If the number one dream killer is “doing what works,” then the number one life-killer is preparing to live.
Think about it. We spend endless amounts of time in preparation for some future event.
We’re constantly trying to improve to have a better life. But the better life never comes. Why? Because there’s always more improving to do. We mask endless improvement-seeking as a venture of growth. But all it really is is fake growth in a shrewd disguise. It’s not real growth. Real growth is alive, not contrived.
There are examples in every area of life:
- Constantly seeking to improve your relationship (trying to seek the perfect relationship that will solve all your problems).
- Chasing more and more money that you believe will someday give you freedom (preparing for a day when you can finally relax at ease and know you’re taken care of).
- Searching for the right fitness program and training in a way that’s always preparing you for a new level (you’re training a lot, but rarely are you ever really just moving or doing the thing you trained for).
- Trying to gain knowledge and information through books and degrees without applying them (hoarding ideas without using them is a shame, and another trap of endless preparation).
Let me share an example with you from my own experience this past week while on vacation in B.C.
For a long time now I’ve been working – a lot, like A LOT a lot. I’ve emailed, conference call’d and coached my brain into submissive mush. I was caught in the dogma of ‘working for the weekend’ or in my instance, working for the holiday. It is easy to fall into a routine and totally neglect all other areas of life. I would work 12+ hour days all so I could have some extra time and flexibility while on vacation or on Sundays – my only day off.
I spent a lot of time trying to prepare for time off.
What a waste! I was essentially putting life on hold until I felt caught up enough to click off. I didn’t realize I was living this way until we went to BC.
Thich Nhat Hanh sums up our problem in this quote from his book, Peace is Every Step:
We are very good at preparing to live, but not very good at living. We know how to sacrifice ten years for a diploma and we are willing to work very hard to get a job, a car, a house, and so on. But we have difficulty remembering that we are alive in the present moment, the only moment there is for us to be alive. —Thich Nhat Hanh
So, why is it that we spend so much time in preparation for living, and such little time just being, flowing and getting ourselves caught up in adventures?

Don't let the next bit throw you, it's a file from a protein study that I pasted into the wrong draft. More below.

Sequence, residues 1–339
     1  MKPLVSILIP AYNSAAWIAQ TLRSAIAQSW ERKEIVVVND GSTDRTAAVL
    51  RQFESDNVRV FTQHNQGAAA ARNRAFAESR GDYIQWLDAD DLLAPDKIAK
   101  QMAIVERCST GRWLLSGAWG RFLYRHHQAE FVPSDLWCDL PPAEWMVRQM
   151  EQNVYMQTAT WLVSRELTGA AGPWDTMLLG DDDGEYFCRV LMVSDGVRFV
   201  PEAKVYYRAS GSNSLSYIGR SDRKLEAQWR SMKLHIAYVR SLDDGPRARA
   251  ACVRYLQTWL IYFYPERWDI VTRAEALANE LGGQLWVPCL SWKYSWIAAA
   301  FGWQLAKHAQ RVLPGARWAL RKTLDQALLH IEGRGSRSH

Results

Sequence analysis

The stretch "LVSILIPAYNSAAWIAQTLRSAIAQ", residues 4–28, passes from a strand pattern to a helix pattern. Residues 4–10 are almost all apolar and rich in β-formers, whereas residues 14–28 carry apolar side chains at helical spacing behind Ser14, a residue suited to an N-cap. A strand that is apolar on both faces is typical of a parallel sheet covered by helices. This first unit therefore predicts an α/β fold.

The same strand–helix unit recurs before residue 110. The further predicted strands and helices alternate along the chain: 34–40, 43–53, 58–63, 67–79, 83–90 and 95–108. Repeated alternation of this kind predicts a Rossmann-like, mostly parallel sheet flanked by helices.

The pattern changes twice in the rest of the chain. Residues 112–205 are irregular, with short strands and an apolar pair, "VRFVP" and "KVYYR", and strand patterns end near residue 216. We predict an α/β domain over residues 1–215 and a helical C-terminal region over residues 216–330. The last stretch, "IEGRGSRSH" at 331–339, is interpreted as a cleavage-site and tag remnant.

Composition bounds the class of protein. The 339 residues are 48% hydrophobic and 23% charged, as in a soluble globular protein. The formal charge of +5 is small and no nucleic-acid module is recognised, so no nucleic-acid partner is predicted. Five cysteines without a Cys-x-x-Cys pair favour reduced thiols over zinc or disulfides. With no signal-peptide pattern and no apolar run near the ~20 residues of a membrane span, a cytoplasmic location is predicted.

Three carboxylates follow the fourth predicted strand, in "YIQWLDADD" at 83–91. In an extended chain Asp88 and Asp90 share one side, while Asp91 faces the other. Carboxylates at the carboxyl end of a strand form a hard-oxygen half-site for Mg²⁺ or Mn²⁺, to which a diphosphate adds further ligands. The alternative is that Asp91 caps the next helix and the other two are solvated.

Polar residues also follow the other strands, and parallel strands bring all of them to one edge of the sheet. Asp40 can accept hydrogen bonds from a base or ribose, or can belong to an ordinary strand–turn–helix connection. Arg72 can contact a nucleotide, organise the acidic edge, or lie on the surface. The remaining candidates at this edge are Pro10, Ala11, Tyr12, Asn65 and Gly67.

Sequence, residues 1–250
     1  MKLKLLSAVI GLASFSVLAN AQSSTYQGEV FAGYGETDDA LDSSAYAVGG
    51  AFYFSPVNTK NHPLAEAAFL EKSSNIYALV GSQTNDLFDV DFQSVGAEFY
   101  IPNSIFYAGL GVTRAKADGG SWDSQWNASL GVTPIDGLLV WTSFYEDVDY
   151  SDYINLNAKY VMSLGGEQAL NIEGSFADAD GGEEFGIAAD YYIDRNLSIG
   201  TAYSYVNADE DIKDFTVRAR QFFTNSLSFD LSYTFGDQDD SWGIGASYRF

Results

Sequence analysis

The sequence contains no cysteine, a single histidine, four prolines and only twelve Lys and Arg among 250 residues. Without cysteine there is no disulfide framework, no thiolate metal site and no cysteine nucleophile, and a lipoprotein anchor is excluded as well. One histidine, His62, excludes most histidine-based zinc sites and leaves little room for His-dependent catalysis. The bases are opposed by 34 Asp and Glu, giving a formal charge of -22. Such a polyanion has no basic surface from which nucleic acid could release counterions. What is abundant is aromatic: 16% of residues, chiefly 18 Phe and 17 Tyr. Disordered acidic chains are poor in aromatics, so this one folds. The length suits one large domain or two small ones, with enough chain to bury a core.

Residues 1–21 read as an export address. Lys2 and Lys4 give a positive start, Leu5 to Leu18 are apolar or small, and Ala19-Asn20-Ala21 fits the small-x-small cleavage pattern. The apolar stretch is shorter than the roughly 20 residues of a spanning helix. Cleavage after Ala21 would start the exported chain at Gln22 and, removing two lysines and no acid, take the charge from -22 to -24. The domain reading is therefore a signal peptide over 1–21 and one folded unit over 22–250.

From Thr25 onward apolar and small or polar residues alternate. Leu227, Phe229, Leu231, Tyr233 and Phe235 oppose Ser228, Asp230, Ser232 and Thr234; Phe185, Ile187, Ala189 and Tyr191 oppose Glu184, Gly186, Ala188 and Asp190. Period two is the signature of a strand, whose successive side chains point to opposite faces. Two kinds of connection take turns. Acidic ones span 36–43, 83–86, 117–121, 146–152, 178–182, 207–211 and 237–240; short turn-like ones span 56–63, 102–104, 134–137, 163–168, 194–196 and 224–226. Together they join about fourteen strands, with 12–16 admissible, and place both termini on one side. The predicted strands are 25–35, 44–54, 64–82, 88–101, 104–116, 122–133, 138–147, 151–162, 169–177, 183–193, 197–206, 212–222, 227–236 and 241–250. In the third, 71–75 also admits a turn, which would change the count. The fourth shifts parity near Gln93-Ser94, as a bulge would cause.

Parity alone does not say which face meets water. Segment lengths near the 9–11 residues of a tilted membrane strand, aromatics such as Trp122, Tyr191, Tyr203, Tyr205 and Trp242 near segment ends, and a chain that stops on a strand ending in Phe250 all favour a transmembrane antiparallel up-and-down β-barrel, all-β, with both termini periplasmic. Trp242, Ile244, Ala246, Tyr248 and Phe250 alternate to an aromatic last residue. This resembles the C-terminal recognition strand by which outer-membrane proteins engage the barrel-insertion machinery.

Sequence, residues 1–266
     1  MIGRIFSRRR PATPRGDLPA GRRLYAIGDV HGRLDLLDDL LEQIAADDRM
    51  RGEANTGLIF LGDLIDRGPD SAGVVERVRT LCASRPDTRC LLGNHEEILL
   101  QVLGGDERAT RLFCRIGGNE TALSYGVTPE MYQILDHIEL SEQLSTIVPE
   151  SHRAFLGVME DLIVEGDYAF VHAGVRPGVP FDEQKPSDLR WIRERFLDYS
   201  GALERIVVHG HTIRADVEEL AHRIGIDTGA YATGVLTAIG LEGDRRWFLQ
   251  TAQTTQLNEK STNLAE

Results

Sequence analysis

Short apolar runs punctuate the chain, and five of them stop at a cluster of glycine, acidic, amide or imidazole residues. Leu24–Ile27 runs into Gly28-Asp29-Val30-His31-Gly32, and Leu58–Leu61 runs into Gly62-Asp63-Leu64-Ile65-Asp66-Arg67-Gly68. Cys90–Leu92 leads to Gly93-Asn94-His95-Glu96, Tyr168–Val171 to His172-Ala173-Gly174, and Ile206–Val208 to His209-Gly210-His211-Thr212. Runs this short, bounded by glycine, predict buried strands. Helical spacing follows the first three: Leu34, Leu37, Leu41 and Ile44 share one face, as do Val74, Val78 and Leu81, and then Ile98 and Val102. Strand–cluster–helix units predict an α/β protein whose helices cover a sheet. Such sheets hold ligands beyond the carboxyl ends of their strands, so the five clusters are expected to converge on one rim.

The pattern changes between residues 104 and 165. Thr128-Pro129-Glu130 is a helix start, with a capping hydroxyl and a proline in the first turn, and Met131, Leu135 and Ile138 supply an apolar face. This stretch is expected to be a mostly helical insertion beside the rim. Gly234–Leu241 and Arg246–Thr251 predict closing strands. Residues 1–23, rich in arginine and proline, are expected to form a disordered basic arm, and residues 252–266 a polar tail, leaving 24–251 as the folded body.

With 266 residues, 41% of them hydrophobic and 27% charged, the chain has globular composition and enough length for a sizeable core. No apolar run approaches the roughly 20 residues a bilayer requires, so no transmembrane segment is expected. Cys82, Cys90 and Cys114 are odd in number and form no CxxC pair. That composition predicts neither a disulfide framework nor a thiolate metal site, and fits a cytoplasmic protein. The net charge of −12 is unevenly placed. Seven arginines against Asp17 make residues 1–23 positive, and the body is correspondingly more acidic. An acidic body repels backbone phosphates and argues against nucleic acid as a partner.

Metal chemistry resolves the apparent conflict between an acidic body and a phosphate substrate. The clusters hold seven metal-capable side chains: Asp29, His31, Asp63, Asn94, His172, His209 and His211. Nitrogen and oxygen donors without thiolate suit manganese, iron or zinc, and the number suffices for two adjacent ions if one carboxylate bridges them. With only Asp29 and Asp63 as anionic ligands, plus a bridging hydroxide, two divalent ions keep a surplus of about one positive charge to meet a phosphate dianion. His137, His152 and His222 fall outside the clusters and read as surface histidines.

This question has riddled my brain for the last year or so and until now the answer eluded me.
Here’s what I think the problem is:
We’re terrible at discerning our desires that come from our always-on-a-quest-to-survive-and-protect ego and those that come from our true, liberated self.
- The ego believes in a world of separation and limited resources. Therefore all actions and desires are to improve to become better than others, to get yourself ahead and leave others behind, and to compete for limited resources. Our ego tells us that the (seemingly) competing desires of acceptance and growth can’t coexist. Acceptance is dangerous. It equates to complacency.
- But our liberated self knows that we are all connected, and that we are the source of all that we desire. There is no need to compete because there is always enough to go around. Our deeper self sees acceptance as reveling in the beauty of what has unfolded, and the desire for more and more unfolding as an exciting adventure. There’s no need to choose one or the other.
The question, then, isn’t should you grow and fulfill desires, but where are those desires rooted in in the first place.
Are your impulses rooted in your small, separate self that is always trying to one-up everyone else?
Or are your desires founded in a deep knowing that you can create whatever you want and that you are that which you seek?
I’ve been asking myself this a lot lately. It’s a great way to filter whether you’re doing what you are really pulled to, or if you’re just following the template.
Becoming self aware has allowed to me feel more comfortable slowing down and enjoying day to day splendor. If you work non stop for a measly week off every now and again you are wasting a lot of life. Seeing the Monkey Husband totally enthralled while driving the exotic sports cars has reminded me of the importance of connectivity and excitement. I have made it my goal to do one super exciting non-work related thing per day for the entire month of July. So far I feel less stressed and with this new work / life balance I am far more productive than my previous slave driver self.
With love from the Trench Kitchen,